Richie Murphy feels Jonathan Sexton could hardly be better positioned to scoop the World Player of the Year award in Monte Carlo this weekend.
The Ireland skills and kicking coach has known Sexton since the latter's days in the Leinster academy and believes the Ireland out-half is currently in the middle of one of the best periods of his career as the vote approaches.
“Yeah, it's very fitting,” said Murphy on Tuesday afternoon. “I've known him since he was in the Leinster academy and he's always been a very driven player, massively talented and unbelievable head for the game.
"That's where he stands out for me above a lot of the other players who are out there: his ability to see things on the pitch and pick the right options.”
Sexton has been nominated for the prestigious
New Zealand's Beauden Barrett, winner of the prestigious World Rugby award the last two years, is also up for the latest gong, along with his countryman Rieko Ioane and the South African pair of Faf de Klerk and Malcolm Marx.
“He's in a really good place,” Murphy added on Sexton. “There have been some high parts of his career and he's in one of them at the moment.
It was put to Murphy that Sexton had maybe been playing more of a quarterback role lately, standing back and directing traffic as opposed to immersing himself in it, but the coach didn't see that as an argument that holds water.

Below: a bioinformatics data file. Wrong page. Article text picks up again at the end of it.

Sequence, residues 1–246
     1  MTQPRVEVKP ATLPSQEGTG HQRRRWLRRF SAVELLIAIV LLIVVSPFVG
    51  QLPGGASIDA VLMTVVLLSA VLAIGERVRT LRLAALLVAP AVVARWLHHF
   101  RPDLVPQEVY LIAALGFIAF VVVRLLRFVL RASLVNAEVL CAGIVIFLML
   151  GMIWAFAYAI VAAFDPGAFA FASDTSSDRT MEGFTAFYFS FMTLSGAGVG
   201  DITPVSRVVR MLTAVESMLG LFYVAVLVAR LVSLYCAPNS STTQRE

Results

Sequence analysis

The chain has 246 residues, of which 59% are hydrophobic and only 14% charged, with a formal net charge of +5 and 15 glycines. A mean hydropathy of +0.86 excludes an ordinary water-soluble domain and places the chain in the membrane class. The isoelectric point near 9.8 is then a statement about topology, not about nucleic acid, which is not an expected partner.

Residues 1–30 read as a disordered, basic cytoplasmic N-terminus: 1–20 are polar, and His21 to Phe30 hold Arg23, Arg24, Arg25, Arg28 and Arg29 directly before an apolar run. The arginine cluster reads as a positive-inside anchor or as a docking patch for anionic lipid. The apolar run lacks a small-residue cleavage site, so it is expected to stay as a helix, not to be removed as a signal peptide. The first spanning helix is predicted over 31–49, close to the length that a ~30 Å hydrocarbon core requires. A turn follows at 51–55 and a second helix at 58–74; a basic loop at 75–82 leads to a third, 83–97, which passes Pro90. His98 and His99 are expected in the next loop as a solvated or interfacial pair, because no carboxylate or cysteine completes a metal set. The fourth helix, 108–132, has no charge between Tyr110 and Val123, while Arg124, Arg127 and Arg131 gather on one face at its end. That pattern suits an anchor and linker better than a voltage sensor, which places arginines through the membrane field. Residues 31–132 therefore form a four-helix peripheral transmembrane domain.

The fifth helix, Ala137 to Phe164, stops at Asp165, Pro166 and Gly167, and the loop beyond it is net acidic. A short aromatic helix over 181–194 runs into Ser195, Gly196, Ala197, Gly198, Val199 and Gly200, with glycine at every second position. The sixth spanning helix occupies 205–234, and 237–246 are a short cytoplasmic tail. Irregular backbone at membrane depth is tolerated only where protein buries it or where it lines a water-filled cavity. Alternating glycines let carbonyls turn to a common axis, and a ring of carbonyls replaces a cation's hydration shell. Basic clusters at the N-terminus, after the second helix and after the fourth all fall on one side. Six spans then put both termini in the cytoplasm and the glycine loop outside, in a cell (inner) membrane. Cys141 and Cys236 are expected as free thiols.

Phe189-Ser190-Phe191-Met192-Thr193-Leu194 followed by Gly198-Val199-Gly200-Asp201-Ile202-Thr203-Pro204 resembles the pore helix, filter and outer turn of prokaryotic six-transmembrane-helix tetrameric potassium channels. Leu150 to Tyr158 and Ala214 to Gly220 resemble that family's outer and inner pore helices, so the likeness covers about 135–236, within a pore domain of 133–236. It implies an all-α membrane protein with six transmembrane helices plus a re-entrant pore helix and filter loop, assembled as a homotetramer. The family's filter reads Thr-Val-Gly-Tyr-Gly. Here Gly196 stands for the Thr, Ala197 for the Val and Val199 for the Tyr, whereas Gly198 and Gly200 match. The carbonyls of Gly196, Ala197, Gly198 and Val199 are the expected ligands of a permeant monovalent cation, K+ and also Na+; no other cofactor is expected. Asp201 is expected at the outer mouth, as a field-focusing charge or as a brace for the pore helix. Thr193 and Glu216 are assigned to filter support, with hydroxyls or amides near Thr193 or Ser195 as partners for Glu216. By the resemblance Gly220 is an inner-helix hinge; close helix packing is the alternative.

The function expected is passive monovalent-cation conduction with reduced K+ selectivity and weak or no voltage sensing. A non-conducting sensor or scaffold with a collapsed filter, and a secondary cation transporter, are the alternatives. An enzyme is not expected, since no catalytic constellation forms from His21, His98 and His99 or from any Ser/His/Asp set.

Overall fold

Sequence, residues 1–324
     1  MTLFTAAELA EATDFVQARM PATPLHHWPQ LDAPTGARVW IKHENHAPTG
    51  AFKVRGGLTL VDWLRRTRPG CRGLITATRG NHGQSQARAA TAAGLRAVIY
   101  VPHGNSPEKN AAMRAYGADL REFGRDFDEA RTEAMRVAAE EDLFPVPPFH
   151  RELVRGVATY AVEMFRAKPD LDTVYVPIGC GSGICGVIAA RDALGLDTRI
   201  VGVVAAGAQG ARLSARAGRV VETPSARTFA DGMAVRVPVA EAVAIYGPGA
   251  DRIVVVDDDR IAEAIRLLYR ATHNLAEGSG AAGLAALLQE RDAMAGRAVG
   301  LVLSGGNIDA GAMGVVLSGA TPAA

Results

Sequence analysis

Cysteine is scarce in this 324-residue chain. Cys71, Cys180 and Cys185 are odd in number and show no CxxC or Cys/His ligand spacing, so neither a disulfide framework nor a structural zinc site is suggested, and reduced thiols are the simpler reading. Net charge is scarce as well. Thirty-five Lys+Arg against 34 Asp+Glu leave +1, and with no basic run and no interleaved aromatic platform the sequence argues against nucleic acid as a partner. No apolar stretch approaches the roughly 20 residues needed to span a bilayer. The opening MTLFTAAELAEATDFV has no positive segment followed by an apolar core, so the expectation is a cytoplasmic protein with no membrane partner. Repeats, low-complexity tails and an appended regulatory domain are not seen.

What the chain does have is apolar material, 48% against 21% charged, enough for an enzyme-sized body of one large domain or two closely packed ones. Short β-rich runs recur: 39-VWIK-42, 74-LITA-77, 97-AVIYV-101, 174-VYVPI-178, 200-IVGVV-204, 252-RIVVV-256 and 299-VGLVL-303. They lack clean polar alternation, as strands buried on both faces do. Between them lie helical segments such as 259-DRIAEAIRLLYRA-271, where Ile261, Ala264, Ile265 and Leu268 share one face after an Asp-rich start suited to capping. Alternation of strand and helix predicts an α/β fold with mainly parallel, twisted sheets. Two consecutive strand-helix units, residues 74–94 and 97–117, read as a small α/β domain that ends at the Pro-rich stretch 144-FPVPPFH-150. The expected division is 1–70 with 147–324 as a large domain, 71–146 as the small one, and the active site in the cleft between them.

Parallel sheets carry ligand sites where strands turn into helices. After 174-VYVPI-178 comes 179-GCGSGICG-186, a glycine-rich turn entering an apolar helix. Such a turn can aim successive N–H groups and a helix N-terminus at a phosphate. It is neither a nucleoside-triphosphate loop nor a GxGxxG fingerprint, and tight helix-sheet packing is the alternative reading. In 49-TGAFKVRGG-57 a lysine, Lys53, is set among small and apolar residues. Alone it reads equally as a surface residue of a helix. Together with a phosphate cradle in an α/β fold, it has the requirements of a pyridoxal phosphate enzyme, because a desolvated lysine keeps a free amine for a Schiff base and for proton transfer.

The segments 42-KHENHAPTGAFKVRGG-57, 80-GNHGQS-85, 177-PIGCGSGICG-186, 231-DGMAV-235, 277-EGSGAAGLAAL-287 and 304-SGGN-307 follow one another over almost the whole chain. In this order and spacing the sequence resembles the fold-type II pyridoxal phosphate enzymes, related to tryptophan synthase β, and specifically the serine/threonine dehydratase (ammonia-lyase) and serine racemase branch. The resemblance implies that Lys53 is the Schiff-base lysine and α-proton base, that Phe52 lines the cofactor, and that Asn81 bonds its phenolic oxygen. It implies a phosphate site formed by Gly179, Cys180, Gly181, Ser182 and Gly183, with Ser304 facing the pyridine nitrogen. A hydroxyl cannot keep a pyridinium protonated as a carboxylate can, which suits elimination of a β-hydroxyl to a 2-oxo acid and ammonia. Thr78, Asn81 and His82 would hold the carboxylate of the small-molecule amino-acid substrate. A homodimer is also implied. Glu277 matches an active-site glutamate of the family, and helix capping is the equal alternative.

“He's still doing all that hard work, so I don't see that as being a massive change in how he has approached the games.
"He's still the guy getting off the line making the tackles. I remember last season in the Six Nations him having a pick and go near the line.
“So that's not a guy who is trying to look after himself. I don't think he's ever played the game like that and I don't think that will actually happen.
"His ability to stay on the pitch ... maybe his fitness levels are a little bit higher than what they were 12 months, 18 months ago.”
Sexton, and a number of the players who featured in the defeat of the All Blacks three days ago, will be on a weekend off this Saturday as Ireland take on the USA at the Aviva Stadium.
A tall order for the others, if ever there was one.
Amid the euphoria of that win, there is the germ of a fear that Ireland may have peaked a year too early in this World Cup cycle – just as the All Blacks did so many times prior to 2011.
Murphy is adamant, however, that there is even more to come.
“Well, we've done a review process and we still feel there is a lot of stuff that we can be better at. The one thing that I would say about this team, this group of players and management staff is that we're always looking to improve.
“There's never been a situation where I've been in where that's good enough, do you know what I mean?
"With what's coming up, obviously this match at the weekend and leading into the Six Nations, we'll be trying to find another gear and that's just the way it has been.”